|  February 11, 2014

Questions you should never be asked in an interview

While I spend most of my time writing about what questions you will be asked in an interview and how to answer them, it’s worth it to also talk about the questions you should NEVER be asked in an interview.

There are some topics that should always be completely off limits in an interview. Why? Because they are personal, not relevant to how you’d perform on the job, and in many cases, aren’t legal!

questions you should never be asked

To name a few examples…

  1. What religion you practice
  2. If you are married
  3. If you have kids/are thinking of having kids in the future
  4. How old  you are
  5. What social/religious groups you are a part of

While getting to know you and understand your hobbies and interests outside of work is a way to build a relationship, the questions above are widely known to be illegal.

But what if you find yourself on an interview and being asked an illegal interview question (or just one that is unprofessional/inappropriate)? How should you react? Should you answer?

First, try to consider your interviewers objectives. Are they just trying to make conversation and learn a little more about you (hobbies, favorite magazines, sports)? Or are they asking something way too personal, that you feel they may count against you?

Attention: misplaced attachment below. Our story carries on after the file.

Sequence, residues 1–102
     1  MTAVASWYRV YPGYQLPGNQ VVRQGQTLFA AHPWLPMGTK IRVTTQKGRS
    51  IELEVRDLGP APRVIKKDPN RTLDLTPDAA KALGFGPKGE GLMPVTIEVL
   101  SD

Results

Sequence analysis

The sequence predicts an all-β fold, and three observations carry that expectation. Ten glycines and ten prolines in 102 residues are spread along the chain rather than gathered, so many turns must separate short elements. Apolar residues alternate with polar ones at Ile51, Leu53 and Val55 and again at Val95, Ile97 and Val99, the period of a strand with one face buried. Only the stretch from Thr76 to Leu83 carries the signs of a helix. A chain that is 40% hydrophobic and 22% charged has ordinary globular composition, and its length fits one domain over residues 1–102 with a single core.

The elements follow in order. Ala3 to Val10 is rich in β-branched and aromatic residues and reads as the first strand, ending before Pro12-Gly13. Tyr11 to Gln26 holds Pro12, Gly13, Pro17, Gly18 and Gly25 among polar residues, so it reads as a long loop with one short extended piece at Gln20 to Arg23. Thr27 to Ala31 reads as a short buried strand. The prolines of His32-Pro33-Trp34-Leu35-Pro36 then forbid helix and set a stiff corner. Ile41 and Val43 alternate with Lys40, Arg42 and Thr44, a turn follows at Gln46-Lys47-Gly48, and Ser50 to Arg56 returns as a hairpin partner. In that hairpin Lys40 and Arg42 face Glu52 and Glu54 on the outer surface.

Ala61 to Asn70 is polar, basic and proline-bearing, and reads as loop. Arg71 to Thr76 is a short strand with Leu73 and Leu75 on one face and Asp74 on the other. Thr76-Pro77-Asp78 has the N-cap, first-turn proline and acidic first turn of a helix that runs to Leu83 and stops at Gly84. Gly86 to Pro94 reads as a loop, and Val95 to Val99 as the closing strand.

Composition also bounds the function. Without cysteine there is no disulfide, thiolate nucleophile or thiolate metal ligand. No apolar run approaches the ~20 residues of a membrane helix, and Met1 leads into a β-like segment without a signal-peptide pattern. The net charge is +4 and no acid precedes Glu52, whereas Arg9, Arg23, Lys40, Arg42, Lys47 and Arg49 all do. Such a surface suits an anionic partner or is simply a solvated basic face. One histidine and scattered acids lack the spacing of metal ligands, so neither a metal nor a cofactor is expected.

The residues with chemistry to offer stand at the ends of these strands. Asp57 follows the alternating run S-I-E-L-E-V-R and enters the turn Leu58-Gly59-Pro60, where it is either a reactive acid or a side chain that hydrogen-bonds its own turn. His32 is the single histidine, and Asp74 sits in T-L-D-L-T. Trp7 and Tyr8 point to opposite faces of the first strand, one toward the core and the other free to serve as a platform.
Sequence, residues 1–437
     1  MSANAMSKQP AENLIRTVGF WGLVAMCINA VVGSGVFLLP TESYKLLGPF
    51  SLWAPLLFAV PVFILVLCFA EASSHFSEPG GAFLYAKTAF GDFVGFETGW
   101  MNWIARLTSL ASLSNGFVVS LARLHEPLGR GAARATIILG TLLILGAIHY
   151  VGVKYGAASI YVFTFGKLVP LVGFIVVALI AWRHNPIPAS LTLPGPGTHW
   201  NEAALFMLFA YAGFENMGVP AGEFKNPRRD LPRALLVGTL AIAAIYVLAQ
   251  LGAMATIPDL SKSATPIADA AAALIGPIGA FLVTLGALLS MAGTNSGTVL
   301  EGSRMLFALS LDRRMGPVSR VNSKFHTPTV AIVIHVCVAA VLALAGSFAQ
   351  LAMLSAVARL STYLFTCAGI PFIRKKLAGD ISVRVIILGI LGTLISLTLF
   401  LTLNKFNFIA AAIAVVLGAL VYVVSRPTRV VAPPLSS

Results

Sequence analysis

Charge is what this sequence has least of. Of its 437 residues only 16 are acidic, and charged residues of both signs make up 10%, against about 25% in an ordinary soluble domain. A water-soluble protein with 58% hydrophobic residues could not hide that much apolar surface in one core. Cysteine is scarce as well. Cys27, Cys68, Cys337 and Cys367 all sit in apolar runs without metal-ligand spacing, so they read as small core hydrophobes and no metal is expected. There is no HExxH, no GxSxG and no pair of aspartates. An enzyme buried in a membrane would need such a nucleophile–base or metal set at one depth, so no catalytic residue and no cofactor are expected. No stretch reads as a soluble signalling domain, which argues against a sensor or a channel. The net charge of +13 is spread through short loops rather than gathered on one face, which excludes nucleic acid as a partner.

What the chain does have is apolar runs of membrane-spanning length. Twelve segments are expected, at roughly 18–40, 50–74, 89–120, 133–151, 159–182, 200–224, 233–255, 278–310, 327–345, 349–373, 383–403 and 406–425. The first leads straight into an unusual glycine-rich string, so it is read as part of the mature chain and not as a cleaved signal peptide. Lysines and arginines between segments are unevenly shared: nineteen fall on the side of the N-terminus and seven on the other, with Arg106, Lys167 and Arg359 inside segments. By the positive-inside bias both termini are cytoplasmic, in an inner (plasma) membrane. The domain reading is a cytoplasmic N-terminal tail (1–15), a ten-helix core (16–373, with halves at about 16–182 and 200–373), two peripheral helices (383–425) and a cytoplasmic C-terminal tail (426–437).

If it’s the latter situation, take a pause and ask yourself if you really want to to work for a company that is asking these questions when they have nothing to do with the job? A company’s professionalism (or lack of) in the interview process is a pretty good indication of the work environment.

If you are still dying for the job you may choose to simply answer – dodging any question in an interview or calling the interviewer out for bad behavior may be the right thing to do, but probably won’t put you at the top of the list.

However, my opinion is that you absolutely don’t have to answer any question that feels too personal or offends you in any way. Something along the lines of “I’d prefer not to answer that question because it seems too personal” or “I’d rather chat more about my skills and work experience versus…” is the best way I can think of to avoid these questions. Will the interviewer be put off? Maybe. But is that the type of person you want to work for? Probably not.

Have you ever been asked an inappropriate or illegal interview question? Chime in with a comment.

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